The Securities and Exchange Commission today charged Latour Trading LLC with violating SEC rules designed to ensure safe and efficient markets. Latour, a high-frequency proprietary trading firm, agreed to a settlement in which it will pay a $5 million civil penalty and more than $3 million of disgorgement of gross trading profits, rebates paid to it by exchanges, and prejudgment interest.
An SEC investigation found that Latour violated the SEC rules – the Market Access Rule and Regulation National Market System – over a nearly four-year period in which Latour sent millions of non-compliant orders to U.S. exchanges. According to the order:
- Latour shared portions of its electronic trading infrastructure with its parent company, Tower Research. Some Tower Research employees could change the computer code without Latour’s knowledge or approval. Latour’s procedures to prevent such changes from having unintended effects on Latour’s trading proved inadequate.
- In June 2011, Tower Research made a coding change that introduced an error into the shared infrastructure and, as a result, Latour sent millions of orders to exchanges that did not comply with the requirements of Regulation NMS. Some of these orders were executed, which led to Latour receiving gross trading profits and also rebates paid by stock exchanges.
- Latour lacked “direct and exclusive control” over its financial and regulatory risk management controls as required by the SEC’s Market Access Rule and did not have adequate post-trade surveillance tools to detect its non-compliant trades.
- After learning of the error, Latour corrected many of the issues by October 2012 and addressed the rest by August 2014.
"Automated trading systems can pose significant risks to the market and must be designed and implemented correctly," said Andrew Ceresney, Director of the SEC’s Enforcement Division. “Firms that do not have control over their trading systems can undermine the integrity of our markets by sending millions of orders that violate SEC and stock exchange rules that promote fair and orderly trading, like Latour did in this case.”
According to the SEC’s order, from October 2010 through August 2014, Latour sent approximately 12.6 million orders for more than 4.6 billion shares that did not comply with the requirements of Regulation NMS. The orders at issue were intermarket sweep orders (ISOs), which trading centers may immediately execute at prices that might otherwise appear to violate Rule 611 of Regulation NMS. Rule 611 generally requires trades to be executed at the best available displayed price, but trading centers may execute ISOs immediately based on the ISO router’s obligation to send additional orders to execute against any better-priced displayed quotations. Chiefly because of the coding problem, Latour’s ISOs did not meet the requirements and caused more than 1.1 million trade-throughs (trades executed at a price worse than the best available price) and more 1.7 million locked or crossed markets (when the national best bid equals or exceeds the national best offer). Latour also sent non-compliant ISOs as a result of incorrectly relying on information about orders that Latour had previously sent. In addition to violations of the Market Access Rule, the SEC’s order also finds that Latour violated Rule 611(c) of Regulation NMS because it did not take reasonable steps to establish that its ISOs complied with Reg NMS.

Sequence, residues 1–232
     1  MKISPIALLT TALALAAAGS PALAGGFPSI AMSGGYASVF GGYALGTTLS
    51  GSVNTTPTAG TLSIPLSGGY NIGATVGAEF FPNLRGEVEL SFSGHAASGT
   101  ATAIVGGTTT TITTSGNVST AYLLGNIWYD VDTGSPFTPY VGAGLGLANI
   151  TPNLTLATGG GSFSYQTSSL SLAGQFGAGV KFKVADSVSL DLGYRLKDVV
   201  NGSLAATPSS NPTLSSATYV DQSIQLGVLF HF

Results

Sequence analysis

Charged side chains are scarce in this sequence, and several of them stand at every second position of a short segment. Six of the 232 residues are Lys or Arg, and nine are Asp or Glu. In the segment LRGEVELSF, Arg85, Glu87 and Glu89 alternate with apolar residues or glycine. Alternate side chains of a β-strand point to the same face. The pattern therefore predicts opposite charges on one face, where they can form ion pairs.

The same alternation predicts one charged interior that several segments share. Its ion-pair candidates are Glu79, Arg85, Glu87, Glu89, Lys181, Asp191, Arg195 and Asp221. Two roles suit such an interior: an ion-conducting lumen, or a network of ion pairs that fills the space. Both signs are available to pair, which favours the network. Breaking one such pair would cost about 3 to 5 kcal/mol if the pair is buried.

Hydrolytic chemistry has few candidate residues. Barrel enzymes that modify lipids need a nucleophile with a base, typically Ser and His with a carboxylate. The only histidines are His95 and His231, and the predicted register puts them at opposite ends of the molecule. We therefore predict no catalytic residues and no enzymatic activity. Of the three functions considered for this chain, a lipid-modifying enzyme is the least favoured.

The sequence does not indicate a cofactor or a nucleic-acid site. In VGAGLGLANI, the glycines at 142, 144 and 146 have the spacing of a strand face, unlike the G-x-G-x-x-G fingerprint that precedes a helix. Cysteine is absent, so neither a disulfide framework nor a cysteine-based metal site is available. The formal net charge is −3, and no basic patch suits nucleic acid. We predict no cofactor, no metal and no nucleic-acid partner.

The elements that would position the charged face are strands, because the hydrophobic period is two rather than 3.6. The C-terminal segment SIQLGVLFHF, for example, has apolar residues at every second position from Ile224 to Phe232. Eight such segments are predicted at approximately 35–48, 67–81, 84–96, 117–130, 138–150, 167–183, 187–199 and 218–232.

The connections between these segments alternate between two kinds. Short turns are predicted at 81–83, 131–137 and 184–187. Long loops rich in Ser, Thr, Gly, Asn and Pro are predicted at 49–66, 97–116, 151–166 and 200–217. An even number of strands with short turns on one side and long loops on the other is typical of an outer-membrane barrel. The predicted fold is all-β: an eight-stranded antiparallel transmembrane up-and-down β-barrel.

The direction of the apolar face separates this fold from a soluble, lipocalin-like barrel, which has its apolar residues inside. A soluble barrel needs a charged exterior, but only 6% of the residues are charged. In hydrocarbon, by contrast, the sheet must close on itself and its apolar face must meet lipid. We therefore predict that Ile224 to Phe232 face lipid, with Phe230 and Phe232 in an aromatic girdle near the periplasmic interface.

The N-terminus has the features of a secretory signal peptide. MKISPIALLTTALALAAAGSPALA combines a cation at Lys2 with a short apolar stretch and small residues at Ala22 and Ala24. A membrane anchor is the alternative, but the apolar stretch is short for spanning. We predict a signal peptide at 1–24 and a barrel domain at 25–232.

Robert A. Cohen, co-Chief of the Enforcement Division’s Market Abuse Unit added, “Market structure violations can have a real if sometimes subtle impact on our markets. Latour received executions and collected exchange rebates that it should not have and that other market participants might have received if not for Latour’s non-compliant orders.”
Without admitting or denying the findings, Latour consented to the SEC’s order, which requires it to cease and desist from committing or causing violations of Section 15(c)(3) of the Exchange Act and Rule 15c3-5 thereunder and Rule 611(c) of Regulation NMS. Latour agreed to pay a $5 million penalty, disgorgement of $2,784,875 of gross trading profits and exchange-paid rebates, plus prejudgment interest of $268,564.
The SEC’s investigation was conducted by William Max Hathaway, Fuad Rana, Ainsley Kerr, and Carolyn Welshhans of the Enforcement Division’s Market Abuse Unit. The case was supervised by Mr. Cohen. The SEC appreciates the assistance of the Chicago Board Options Exchange in this matter.